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Rambam - Sefer HaMitzvos
As Divided for The Daily Learning Schedule

Negative Mitzvot 125, 123, 128, 126, 127, 121, 122

  Day 180Day 182  

Introduction to Mitzvot 121-128:

The Pascal Sacrifice

One beautiful, sunny spring day, Heshy was coasting down the hill on his brand new bicycle. As he watched the cars speed by, he began to think about cars and how complicated they seemed to be.

"It was easy buying this bike," Heshy said to himself. "Daddy took me to the store, we selected the bicycle and paid for it."

Heshy also remembered getting a registration number for his bicycle which he then attached to the seat. That had been simple, too!

"A car, is different" he mused. "You have to take lessons, get a permit, take a test, get your license, registration, plates and insurance!

The car, itself, has so many parts that have to be running perfectly. Then you have to know how to read road signs, watch out for traffic and study the street maps."

A car was more complicated, but, still, Heshy had to admit that a car got you where you wanted to go much faster then a bicycle; it protected the driver and passengers better than a bike did; and it could hold more people than a bicycle could.

"Well," decided Heshy. "I guess the more a vehicle can do, the more complicated and detailed it has to be."

HaShem gave us many Mitzvot that enable us to travel on the road of Torah.

Each Mitzvah has its own way of bringing us closer to our goal of serving HaShem. One such Mitzvah is keeping Pesach and all its details.

Pesach, commemorates our Exodus from Egypt, when the Jewish people became a nation. It's no wonder that the Mitzvot which apply to Pesach contain so many details, rules and laws. These show us how much we can advance in serving G-d through the Mitzvot of Pesach.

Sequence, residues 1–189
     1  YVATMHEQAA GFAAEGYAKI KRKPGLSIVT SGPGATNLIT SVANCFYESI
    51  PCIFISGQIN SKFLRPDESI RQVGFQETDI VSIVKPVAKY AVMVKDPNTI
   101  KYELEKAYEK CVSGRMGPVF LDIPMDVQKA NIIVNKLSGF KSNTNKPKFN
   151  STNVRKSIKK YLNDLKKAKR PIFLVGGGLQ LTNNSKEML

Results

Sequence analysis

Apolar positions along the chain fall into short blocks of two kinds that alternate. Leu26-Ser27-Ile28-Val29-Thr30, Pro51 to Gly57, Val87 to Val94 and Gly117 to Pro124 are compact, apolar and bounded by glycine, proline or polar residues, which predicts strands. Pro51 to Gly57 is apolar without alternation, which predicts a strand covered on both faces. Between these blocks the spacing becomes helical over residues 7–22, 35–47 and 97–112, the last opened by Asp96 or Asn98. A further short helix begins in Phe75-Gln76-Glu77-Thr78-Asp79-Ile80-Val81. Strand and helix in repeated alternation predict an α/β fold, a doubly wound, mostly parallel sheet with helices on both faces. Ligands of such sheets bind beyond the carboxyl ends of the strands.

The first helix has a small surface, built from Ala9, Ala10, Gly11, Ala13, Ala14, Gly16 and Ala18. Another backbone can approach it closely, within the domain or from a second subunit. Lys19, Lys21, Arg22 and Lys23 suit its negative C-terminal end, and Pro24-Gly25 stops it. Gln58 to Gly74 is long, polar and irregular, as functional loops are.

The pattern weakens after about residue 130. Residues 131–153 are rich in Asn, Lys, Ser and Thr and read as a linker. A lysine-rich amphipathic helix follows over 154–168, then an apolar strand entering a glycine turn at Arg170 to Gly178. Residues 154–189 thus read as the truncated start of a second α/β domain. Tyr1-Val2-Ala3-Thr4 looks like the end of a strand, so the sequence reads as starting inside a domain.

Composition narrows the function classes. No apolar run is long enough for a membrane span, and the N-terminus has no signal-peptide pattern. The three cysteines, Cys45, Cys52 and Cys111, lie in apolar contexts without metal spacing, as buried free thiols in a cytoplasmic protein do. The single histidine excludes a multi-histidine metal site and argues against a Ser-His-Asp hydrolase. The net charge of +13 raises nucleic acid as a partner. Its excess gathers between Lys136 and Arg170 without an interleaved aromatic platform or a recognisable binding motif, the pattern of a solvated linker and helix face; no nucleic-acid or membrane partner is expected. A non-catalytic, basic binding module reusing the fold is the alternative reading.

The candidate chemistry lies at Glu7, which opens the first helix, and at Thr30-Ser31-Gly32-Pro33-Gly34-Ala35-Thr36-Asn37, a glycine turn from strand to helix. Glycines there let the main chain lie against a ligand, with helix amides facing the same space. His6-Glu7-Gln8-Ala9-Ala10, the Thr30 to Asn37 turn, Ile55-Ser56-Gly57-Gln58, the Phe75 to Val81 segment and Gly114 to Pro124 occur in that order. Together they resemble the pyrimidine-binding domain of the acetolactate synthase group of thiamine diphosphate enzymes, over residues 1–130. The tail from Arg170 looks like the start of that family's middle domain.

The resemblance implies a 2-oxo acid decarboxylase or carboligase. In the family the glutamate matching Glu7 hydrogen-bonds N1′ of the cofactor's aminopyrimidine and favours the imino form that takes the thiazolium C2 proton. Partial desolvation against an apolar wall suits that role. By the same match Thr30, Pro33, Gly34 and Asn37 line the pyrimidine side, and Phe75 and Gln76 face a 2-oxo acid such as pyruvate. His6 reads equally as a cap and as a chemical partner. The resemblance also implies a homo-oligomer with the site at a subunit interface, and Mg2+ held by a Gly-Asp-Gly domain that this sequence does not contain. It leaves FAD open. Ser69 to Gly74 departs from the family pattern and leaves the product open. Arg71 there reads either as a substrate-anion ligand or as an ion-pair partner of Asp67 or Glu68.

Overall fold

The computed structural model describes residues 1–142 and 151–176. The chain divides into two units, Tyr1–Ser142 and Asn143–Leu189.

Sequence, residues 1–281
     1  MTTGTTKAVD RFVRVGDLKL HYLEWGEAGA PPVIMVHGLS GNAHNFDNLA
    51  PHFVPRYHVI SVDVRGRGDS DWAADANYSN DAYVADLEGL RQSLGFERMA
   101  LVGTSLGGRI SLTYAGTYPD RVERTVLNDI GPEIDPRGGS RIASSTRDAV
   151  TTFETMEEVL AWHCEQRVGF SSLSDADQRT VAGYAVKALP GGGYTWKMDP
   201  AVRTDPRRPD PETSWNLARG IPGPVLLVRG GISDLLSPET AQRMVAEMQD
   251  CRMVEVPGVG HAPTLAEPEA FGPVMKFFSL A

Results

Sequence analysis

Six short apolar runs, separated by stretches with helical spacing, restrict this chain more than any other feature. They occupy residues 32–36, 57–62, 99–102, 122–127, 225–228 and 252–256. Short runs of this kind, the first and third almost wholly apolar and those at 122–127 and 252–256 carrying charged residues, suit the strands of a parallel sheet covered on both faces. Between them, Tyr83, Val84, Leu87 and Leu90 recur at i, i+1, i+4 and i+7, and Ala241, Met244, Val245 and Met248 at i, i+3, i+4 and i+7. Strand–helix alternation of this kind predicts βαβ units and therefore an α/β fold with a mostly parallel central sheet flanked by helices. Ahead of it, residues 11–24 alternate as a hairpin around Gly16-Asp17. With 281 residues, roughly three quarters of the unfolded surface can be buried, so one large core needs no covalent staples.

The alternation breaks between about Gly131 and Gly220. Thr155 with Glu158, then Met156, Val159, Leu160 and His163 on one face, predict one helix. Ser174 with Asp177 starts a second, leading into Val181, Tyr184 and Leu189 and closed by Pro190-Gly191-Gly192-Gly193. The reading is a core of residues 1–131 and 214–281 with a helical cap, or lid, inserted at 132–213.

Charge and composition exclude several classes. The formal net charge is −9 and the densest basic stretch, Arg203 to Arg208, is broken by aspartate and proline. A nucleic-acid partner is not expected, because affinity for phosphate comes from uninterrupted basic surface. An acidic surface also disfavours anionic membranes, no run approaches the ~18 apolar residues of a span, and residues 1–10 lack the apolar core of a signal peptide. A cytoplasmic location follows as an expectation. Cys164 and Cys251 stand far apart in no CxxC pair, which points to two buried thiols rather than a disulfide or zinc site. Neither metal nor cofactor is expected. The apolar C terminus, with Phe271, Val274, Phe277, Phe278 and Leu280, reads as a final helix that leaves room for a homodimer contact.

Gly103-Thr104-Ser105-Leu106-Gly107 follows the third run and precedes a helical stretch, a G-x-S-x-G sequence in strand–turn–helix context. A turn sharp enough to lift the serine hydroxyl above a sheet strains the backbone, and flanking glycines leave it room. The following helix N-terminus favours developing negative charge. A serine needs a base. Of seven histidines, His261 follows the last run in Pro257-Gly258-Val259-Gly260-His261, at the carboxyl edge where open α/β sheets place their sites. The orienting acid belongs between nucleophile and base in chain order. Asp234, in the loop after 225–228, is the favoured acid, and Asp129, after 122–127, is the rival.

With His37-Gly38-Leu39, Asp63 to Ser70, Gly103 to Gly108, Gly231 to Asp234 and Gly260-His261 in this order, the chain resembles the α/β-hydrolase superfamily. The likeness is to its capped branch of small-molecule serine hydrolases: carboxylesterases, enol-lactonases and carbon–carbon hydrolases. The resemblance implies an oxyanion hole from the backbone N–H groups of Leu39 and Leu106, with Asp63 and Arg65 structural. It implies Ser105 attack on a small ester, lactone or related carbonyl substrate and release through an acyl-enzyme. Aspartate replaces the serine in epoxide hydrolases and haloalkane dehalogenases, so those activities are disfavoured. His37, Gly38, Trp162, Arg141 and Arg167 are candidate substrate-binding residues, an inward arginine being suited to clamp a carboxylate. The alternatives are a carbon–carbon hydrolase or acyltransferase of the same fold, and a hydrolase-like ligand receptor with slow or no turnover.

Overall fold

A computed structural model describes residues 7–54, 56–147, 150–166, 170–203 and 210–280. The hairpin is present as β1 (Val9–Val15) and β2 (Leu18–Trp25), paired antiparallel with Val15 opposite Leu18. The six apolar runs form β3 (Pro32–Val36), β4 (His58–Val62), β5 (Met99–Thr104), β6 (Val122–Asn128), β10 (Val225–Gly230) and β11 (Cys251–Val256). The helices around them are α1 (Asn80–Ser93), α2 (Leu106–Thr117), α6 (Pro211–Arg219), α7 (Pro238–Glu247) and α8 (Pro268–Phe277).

The following Mitzvot refer to the Passover sacrifice (see also Positive Mitzvot 55-56) which we hope to be able to offer soon in the Third Beit HaMikdash, to be built speedily in our day.

Negative Mitzvah 125: We are forbidden to eat the Passover sacrifice raw, boiled or half-baked
Exodus 12:9 "Do not eat it raw nor boiled in water"

The Passover sacrifice must be roasted over fire. We are not allowed to eat it raw or boiled in water.

Negative Mitzvah 123: We are forbidden to remove the Passover sacrifice from where it is eaten
Exodus 12:46 "You shall not take any of the meat outside, out of the house"

The Passover sacrifice was eaten in groups.

Usually, family members gathered together in order to participate in this joyous ceremony. Even today, we invite our families and friends to join us at the Seder table on Pesach.

We are not allowed to take any of the sacrifice's meat out of the place where the group has gathered to eat it.

Negative Mitzvah 128: A Jew who has gone astray is prohibited from eating the Passover sacrifice
Exodus 12:43 "No stranger shall eat of it"

A Jewish person who goes astray from the Torah and turns to idol-worship is not allowed to eat the Passover sacrifice.

Negative Mitzvah 126: A gentile and hired servants may not eat the Passover sacrifice
Exodus 12:45 "A foreigner and a hired servant shall not eat it"

All non-Jews, even one who is allowed to live in Eretz Yisrael, (known as a "Ger Toshav"), may not eat from the Passover sacrifice.

Negative Mitzvah 127: An uncircumcised male is prohibited from eating the Passover sacrifice
Exodus 12:48 "For no uncircumcised person shall eat of it"

An uncircumcised male, any male that did not have a "Brit Milah" is forbidden to eat the Passover sacrifice.

Negative Mitzvah 121: We are forbidden to break any of the bones of the Passover sacrifice
Exodus 12:46 "Neither shall you break a bone of it"

We must be careful not to break any of the bones of the Passover sacrifice.

Negative Mitzvah 122: We are forbidden to break any of the bones of the Second Passover sacrifice
Numbers 9:12 Neither shall you break a bone of it"

This Negative Mitzvah refers to the Second Passover sacrifice.

Almost all the laws that apply to the first Passover sacrifice apply here, as well. We are cautioned not to break any of the bones of this sacrifice.

We all have limitations -- after all, are we not of flesh and blood? There comes a time, however, when you have to break out beyond those limits. You've got to do more than you can possibly do. The truth is, you not only have an animal soul, but a G-dly soul as well -- and G-dliness knows no limits.

From: Bringing Heaven Down to Earth by Tzvi Freeman -

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